tant, every breed’s tail is important. Judges prioritize dif- ferently for each breed they examine. While color and distribution of markings has no importance in a basset hound, a Boston Terrier must have correct color and dis- tribution of markings, or it is not a Boston. The same judge may think that a Scottish Terrier head is more important than reach or drive, and that side movement on a Brittany should be more important than head shape or eye color. Each standard will dictate what is important to the breed, and each judge will have their personal inter- pretation of priorities described within the standard. I do have a serious problem with judges who do not disqualify dogs with disqualifying faults, but all other reactions to deviations from standards are within the judge’s purview. Being angry with a judge that finds your dog’s faults is just silly. Every exhibitor I know says they understand that no dog is perfect, but I think many secretly believe their dog really is perfect, and it’s just the judge who doesn’t under- stand. This is novice exhibitor thinking. It must be avoid- ed at all cost. More likely than not, the breeder/exhibitor has not been properly mentored in their breed standard. More likely than not they are not understanding what the words in the standard actually mean because they have not had their hands on enough breeds, studied structure or movement enough, or just don’t care. More likely than not, the initial reaction of these exhibitors to someone finding fault in their dogs is to accuse the other person of not understanding their breed. These exhibitor/breeders all fall back on the number of wins their dogs have achieved, but they rarely go into detail about the quality of the competition at the shows in which they win, or the experiences of the judges doing the evaluation. Some judges who have not been well-mentored also have faulty beliefs, and sometimes they actually look for the wrong things in a breed. The careful observer can usually figure out what the judge is looking for, and then determine if that judge is worthy of more entries or not. I witnessed one judge with a large Bedlington entry very carefully find and reward every single dog with a ewe neck. Since I breed very few dogs with that particular fault my dogs were always at the end of his line. It is pointless for me to show my dogs to that judge again, so I won’t. I sincere- ly hope that judge gets some good breed mentoring so he doesn’t continue to reward a fault, but unless that hap- pens, I will not waste my money on his opinion. That is a decision I can make. The same thing should happen with the Silky Terrier exhibitors. Now that they know how important the tail is to that judge, they may choose to show to her, or not. But they have no authority to say that she should be accept- ing a clear and visible fault within the AKC standard. They may continue to argue within their breed club about the importance of a docked tail, but until the AKC stan- dard is rewritten, an undocked tail must be penalized to some extent. That brings me back full-circle to the young Chinese buyer who wants to learn the Bedlington terrier standard so she can breed better dogs. She communicates regularly with me, and we discuss diagrams and photographs of dogs. I allowed her to go over every dog of my breeding that was entered in the Florida shows, and we discussed faults and desired traits for each one. I encouraged her to ask all other breeders if she could physically examine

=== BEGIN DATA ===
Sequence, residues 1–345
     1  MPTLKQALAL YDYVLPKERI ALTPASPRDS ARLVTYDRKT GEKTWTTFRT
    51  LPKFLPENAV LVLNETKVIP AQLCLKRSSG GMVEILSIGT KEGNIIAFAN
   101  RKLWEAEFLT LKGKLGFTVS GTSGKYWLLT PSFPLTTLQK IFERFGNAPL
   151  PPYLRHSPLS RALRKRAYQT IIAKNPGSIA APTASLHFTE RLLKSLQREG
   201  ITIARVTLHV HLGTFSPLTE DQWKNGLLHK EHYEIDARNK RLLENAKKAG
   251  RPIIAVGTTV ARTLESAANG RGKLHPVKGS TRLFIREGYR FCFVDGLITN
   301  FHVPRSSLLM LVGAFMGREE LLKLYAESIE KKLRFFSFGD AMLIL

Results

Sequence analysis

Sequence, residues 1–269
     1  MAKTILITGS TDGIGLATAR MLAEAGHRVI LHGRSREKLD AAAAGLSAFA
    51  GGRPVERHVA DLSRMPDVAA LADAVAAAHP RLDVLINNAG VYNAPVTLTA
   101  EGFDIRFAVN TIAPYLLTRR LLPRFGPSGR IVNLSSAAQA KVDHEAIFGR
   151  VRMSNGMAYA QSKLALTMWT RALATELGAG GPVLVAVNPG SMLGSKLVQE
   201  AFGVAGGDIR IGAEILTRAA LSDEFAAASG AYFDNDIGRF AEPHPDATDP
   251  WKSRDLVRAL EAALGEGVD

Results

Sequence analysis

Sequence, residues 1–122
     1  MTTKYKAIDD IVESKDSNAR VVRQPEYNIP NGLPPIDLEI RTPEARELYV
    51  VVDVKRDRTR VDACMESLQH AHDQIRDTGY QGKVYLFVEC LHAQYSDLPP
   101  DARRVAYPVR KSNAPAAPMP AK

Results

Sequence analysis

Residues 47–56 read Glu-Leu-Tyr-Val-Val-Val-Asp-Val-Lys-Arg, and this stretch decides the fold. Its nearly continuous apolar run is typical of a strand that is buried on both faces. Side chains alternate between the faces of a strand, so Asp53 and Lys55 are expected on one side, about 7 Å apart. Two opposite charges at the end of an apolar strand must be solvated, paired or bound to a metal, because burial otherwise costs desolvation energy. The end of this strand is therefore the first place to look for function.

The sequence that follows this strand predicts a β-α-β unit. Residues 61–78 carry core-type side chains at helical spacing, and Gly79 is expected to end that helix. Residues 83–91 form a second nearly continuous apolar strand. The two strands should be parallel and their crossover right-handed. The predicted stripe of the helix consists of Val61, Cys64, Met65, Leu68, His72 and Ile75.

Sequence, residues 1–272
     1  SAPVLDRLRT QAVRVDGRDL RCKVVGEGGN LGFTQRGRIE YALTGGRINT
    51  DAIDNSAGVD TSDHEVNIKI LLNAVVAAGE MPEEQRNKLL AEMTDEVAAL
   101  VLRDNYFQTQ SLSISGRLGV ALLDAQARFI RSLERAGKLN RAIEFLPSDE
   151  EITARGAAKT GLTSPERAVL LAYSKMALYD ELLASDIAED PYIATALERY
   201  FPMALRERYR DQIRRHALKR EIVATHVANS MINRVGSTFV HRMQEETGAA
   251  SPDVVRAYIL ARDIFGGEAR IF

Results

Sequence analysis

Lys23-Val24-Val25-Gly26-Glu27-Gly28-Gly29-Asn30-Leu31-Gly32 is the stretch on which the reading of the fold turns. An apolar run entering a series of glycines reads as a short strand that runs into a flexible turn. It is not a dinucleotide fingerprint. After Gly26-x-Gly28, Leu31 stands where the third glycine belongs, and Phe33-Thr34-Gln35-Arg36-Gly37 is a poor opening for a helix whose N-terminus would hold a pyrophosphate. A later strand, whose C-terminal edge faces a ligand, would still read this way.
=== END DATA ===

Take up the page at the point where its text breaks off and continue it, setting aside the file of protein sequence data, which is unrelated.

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(Show) Lead by Example Have Loose Leads Been Replaced by a ‘Tightness’ Trend? ARTICLE AND PHOTO BY DAN SAYERS A n invitation to judge at your breed’s National Spe- cialty is an honor bestowed on just a few lucky fanciers. Accepting that invitation, however, is not for the faint of heart. After all, stepping into